Author Topic: Other podcasts? (Was Re: EP352: Food for Thought)  (Read 11740 times)

Andy C

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on: July 13, 2012, 09:30:58 PM
I'm definintely having a bit of a 'reality gap' with Escape Pod. I look at my posts and I seem to say the same thing most times. So I come back to what I like about scifi and I end up thinking I'm maybe in the wrong class here, because I like:

 - a bit of space opera (my best definition of the genre I enjoy) it may be old school but I like: human get's in spaceship and goes somewhere, and some interesting stuff happens between credible characters in a credible universe.
 - a story in the old sense of a beginning , middle, end - something like a story arc
 - an exploration of some science fiction concepts to do with space and time and matter - enough to enhance the story it doens't have to be a geekfest.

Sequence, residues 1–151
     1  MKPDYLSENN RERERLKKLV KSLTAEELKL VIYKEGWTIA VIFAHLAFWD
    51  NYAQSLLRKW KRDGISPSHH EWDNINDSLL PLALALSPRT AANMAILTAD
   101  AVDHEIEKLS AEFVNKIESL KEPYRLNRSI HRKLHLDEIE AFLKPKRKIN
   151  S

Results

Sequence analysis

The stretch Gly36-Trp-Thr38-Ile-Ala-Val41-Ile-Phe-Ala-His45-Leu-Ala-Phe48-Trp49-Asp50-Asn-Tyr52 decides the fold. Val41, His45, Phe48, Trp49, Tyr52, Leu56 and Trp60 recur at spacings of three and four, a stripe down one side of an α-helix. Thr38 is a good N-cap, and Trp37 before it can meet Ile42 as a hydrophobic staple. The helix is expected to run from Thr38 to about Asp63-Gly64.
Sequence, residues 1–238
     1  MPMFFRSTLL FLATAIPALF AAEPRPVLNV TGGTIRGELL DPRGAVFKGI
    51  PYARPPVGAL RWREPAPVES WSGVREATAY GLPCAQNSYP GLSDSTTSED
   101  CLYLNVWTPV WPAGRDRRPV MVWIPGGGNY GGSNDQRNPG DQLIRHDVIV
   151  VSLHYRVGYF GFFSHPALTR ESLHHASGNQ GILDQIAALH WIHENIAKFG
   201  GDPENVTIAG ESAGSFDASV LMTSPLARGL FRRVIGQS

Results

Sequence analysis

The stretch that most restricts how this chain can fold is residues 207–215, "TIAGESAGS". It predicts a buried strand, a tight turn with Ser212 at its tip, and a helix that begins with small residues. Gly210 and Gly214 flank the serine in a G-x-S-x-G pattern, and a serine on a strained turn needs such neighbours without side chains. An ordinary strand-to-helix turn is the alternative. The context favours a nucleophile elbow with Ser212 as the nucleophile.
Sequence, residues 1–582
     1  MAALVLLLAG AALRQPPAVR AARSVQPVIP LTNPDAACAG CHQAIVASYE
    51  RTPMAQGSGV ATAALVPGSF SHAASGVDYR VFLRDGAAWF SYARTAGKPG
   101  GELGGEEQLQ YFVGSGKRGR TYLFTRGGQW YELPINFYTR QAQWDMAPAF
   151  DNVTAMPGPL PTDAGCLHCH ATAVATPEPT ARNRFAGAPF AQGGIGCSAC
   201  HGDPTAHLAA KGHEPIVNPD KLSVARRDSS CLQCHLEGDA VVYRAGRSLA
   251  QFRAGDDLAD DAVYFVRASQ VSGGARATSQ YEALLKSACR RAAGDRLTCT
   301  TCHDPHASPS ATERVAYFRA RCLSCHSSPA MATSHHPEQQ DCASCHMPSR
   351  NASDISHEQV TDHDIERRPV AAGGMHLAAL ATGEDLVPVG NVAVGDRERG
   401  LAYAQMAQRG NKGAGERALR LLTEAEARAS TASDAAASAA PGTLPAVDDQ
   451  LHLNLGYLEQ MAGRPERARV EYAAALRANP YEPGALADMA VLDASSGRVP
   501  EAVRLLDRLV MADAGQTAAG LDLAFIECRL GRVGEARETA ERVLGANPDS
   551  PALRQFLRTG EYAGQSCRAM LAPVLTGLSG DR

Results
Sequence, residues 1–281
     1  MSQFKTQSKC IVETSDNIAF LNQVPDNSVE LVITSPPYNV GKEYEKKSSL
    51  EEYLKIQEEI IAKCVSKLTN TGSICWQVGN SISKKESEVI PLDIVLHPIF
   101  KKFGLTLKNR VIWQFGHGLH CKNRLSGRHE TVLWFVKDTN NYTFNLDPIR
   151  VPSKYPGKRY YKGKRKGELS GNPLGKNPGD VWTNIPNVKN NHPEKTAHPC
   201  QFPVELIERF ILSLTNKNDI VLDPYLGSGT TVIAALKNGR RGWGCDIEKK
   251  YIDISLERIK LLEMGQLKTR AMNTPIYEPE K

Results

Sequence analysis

I want to listen to a story that encapsulates these elements, and I just find they aren't especially prevalent on EP. So I'm not saying they aren't presented ever, and I am not saying the stuff that is presented is 'bad'. In fact I am specifically not talking about the quality of story at all. It's about personal preference, and personal taste I think; and this last story kind of drove it home for me. I want to explore these issues but what I subjectively perceive is:talking cows getting shot at. It may well be good but it aint me.

So these stories are different to what I personally want to hear that I can't make those judgements. But if anyone knows where I can find a podcast that provides these sorts of stories please let me know.




« Last Edit: July 13, 2012, 09:34:02 PM by Andy C »



SF.Fangirl